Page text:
With parents as musical as hers, Rashida could not have helped but become a collector like her father and her mother (who was herself a radio DJ, a flautist and a singer in Las Vegas, New Mexico). “We had a moment,” Rashida says, “and [my mom] was like, ‘Rashida, you're living my dream!’”


In Flight (Warner Bros.)

My father listened to a lot of George Benson, but he also listened to a lot of Donny Hathaway, and this has “Valdez in the Country” on it, which is a Donny Hathaway song that is just beautiful. Also, this has “The World Is a Ghetto,” which is classic George Benson.


Aladdin Sane (RCA)

The cover alone, the artwork — he's a maniac. I love David Bowie. This one is more for listening, but I could maybe play “Panic in Detroit.” There's a few things here I could probably play, but it would have to be for the right party, know what I'm saying? — an open crowd!


“Stilettos (Pumps)” (Crunk Incorporated/Reprise)

There's a white-label Baltimore house track called “Stilettos (Pumps)” that I love. I don't know who did that bootleg remix, but this is the record they sampled it from. I love Baltimore house; it's just gritty, grimy and ghetto. I love it! It's perfect.


Even in Darkness (Arista)

It features everybody from Goodie Mob, Outkast and Sleepy Brown to Society of Soul. This takes me back to the A-T-L. This is before they were worldwide. You could only hear that on the radio stations in the South. It was very regional, and now it's everywhere. There's like, a pride in that — that was our music. I came up listening to them and loving them for being from Atlanta. The home team!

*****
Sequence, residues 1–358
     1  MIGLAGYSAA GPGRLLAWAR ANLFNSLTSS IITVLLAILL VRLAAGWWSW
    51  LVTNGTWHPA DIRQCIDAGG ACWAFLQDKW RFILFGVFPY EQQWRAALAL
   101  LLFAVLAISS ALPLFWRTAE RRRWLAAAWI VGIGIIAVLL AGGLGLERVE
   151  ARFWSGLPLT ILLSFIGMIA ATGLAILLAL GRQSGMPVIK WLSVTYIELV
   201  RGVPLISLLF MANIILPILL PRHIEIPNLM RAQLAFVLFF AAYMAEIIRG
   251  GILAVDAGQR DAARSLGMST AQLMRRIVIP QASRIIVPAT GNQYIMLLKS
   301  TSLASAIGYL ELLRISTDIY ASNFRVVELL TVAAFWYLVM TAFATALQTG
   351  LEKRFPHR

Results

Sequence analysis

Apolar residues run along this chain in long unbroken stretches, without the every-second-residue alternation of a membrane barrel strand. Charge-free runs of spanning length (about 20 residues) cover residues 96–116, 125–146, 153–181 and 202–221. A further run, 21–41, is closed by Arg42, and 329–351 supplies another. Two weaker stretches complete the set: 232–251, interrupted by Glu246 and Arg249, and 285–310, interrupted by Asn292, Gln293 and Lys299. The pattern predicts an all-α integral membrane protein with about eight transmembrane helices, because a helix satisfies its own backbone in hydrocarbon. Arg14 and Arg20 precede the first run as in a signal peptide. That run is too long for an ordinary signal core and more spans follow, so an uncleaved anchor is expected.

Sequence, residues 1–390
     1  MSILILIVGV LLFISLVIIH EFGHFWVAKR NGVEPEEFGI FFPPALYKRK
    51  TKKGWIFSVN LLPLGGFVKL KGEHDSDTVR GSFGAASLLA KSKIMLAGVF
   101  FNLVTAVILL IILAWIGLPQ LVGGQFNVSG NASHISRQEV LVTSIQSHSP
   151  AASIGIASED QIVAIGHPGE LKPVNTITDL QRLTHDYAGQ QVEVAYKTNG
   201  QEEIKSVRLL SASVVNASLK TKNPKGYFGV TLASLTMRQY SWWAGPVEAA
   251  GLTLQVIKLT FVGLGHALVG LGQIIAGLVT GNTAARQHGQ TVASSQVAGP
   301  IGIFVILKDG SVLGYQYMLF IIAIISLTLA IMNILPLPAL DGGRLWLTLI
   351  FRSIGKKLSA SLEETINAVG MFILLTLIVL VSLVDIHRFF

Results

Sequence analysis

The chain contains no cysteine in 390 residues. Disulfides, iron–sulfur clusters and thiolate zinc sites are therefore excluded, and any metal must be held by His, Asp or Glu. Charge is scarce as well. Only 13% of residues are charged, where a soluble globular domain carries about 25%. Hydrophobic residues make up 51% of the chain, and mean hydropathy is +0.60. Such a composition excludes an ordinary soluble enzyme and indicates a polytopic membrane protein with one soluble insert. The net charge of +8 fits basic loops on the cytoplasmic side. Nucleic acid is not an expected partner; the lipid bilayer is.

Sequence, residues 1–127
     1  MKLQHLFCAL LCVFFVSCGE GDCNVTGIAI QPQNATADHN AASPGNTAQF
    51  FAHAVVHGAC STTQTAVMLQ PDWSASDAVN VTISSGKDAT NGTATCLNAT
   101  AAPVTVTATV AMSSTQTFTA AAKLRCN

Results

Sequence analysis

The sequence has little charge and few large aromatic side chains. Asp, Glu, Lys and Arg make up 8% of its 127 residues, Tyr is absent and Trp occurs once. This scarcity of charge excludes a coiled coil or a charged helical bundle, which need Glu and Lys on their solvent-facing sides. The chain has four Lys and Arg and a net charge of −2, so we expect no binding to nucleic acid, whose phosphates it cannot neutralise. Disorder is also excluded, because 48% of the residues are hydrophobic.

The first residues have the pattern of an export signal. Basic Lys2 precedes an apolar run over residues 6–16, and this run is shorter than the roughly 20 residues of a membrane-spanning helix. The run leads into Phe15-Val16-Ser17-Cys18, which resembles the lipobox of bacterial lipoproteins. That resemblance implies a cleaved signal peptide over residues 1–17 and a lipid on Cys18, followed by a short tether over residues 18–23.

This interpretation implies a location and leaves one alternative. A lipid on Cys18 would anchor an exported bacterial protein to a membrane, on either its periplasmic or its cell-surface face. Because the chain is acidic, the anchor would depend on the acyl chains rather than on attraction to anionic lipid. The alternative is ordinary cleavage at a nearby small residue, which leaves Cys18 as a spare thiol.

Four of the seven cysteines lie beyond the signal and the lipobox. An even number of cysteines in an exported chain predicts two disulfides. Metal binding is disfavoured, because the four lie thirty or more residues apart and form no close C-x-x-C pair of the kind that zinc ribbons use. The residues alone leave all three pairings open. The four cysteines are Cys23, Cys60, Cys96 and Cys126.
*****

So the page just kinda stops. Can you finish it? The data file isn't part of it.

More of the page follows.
The Samuel Goldwyn Motion Picture Production of Porgy and Bess (Columbia)

“I Loves You, Porgy” — that's my favorite. Billie Holiday's version of that is just heartbreaking. I love Billie Holiday. But that song, the way she does it…I grew up listening to Billie Holiday, and I heard [her] version before I got this. This is why I collect records. It's not just the music; it's a work of art. It's just beautiful!


The New Danger (Geffen)

His album before this [Black on Both Sides] was more of a rock thing. On this one, he's got a little bit of that, but then he's got what we love him for — his hip-hop, his rhymes. He's got crazy flow. [Minnesota] did the production on this song, “Modern Marvel”; they took Marvin Gaye and chopped it up on this song. It's so fresh; it's so beautiful. Also, “The Panties.” Dope. Sexy. If you like him singing, he sings on that song.


Triple P (Ubiquity)

I picked this because it's got so many of my favorite new artists on it. And that would include Jay Dee, who just passed — rest in peace. I mean, he's not a new artist but my all-time favorite hip-hop producer. It's funny, I'll look back at all my favorite songs, and I'll always find out that my favorites have been produced by Jay Dee. He contributed a lot to hip-hop.


The Sound of L.A. (Plug Research)

Plug Research is through Temple Bar; this was my first residency. And that's actually where I met all these people, [including the Platinum Pied Pipers]. It was such a mecca for live music. It was where people that were on their way up would come before they blew up, where things just grew, where sounds grew. That's where I met all these cats.


Innervisions (Tamla)

I like anything from Stevie. This is from my childhood. I have distinct memories of listening to this on my dad's record player, of sleeping on my dad's back while listening to this. This is one the best albums of all time. Every single song is a masterpiece. This is one I'll definitely play in the club. I'll play “Don't You Worry ‘Bout a Thing.”

Zia Record Exchange; 4225 S. Eastern Ave., Las Vegas, NV, 89119; (702) 735-4942;